New York, May 17, 2011--The Committee to Protect Journalists is appalled by the refusal of a regional prosecutor in Uralsk, western Kazakhstan, to investigate a threatening call against Alla Zlobina, a regional correspondent for the embattled independent weekly Golos Respubliki. Zlobina's daughter was also intimidated. CPJ calls upon regional authorities to thoroughly probe the incidents and bring those responsible to justice.

May 17, 2011 5:45 PM ET


Alerts   |   Belarus

Irina Khalip handed a suspended two-year prison term

Khalip (Reuters)

New York, May 16, 2011--The Committee to Protect Journalists condemns today's conviction and sentencing of Irina Khalip, the Minsk-based correspondent for the independent Russian newspaper Novaya Gazeta, and calls on Belarusian authorities to acquit her on appeal. 

Today, the Zavodskoi District Court in Minsk declared Khalip guilty of "organizing and preparing activities severely disruptive of public order," and gave her a two-year suspended prison term, local and international press reported. The charges stem from her critical reporting on the December 19 protests in Minsk against the rigged presidential vote held the same day.

May 16, 2011 3:05 PM ET


Alerts   |   Kyrgyzstan

Media owners prosecuted, forced out of Kyrgyzstan

New York, May 13, 2011--The Committee to Protect Journalists called on Kyrgyz authorities today to drop trumped-up criminal charges against the founder and director of the largest regional television channel, Osh TV, and the founder, owner, and director of three now-defunct media outlets--the independent broadcaster Mezon TV, and newspapers Itogi Nedeli and Portfel.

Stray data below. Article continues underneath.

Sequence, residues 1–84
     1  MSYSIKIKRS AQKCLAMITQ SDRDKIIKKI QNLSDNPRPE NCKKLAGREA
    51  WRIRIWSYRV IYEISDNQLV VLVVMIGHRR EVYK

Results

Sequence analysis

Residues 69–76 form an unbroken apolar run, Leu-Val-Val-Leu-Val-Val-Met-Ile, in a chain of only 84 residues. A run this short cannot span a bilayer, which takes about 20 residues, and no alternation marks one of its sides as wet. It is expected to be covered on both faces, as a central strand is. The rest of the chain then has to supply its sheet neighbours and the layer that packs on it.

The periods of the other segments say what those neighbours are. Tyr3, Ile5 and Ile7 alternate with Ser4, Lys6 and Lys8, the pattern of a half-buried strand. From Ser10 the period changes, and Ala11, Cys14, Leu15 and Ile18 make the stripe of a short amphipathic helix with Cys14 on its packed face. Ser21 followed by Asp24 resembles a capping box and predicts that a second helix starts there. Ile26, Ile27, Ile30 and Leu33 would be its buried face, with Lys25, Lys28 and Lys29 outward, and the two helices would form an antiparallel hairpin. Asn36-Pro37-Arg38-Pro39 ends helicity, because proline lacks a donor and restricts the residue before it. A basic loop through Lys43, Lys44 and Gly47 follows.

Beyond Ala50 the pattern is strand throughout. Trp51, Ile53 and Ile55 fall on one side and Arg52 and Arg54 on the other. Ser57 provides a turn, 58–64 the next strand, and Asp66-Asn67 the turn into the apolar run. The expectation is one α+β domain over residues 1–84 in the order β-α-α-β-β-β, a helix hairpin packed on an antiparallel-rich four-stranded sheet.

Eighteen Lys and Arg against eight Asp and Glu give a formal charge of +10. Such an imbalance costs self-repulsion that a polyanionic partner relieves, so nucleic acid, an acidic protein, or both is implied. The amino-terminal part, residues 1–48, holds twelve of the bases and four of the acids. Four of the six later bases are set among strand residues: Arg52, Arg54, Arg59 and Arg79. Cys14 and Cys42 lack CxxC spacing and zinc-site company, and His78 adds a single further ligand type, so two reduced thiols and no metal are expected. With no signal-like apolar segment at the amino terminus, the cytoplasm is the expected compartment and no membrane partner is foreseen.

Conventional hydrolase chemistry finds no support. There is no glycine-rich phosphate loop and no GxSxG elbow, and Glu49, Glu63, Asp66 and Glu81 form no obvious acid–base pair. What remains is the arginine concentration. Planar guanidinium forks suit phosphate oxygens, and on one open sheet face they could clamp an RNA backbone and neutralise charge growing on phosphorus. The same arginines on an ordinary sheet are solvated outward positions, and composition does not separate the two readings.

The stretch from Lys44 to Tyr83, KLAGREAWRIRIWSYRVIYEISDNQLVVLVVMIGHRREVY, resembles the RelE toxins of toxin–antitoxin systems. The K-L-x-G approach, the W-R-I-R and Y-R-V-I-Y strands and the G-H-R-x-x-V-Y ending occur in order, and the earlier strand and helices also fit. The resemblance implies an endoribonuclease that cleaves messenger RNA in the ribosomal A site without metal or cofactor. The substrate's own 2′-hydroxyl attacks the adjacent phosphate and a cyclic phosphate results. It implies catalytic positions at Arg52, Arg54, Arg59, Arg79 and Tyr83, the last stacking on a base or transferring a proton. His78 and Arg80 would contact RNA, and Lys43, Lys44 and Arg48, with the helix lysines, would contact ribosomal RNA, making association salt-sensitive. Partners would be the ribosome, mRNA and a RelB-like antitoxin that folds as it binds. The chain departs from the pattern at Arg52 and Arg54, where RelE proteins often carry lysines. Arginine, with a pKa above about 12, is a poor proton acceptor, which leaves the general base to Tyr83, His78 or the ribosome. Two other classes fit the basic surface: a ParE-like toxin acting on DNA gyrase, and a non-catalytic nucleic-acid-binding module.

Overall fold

Alerts   |   Italy

Italian prosecutor files defamation lawsuit, shutters blog

Giuliano Mignini (AP)

New York, May 11, 2011--The Committee to Protect Journalists calls on Florence and Perugia authorities to drop the trumped-up defamation lawsuit against Perugia Shock, an English-language blog created and maintained by Frank Sfarzo, an Italian freelance journalist and blogger. Sfarzo has endured sustained harassment in retaliation for his reporting and commentary on the official investigation into the November 2007 murder of British exchange student Meredith Kercher.

Alerts   |   Russia

Two sentenced in Baburova murder in Russia

Anastasiya Baburova (Novaya Gazeta)

New York, May 6, 2011--The conviction and sentencing of two defendants in the 2009 double murder of freelance journalist Anastasiya Baburova and human rights lawyer Stanislav Markelov is a landmark victory in the fight against impunity in press killings in Russia, the Committee to Protect Journalists said today.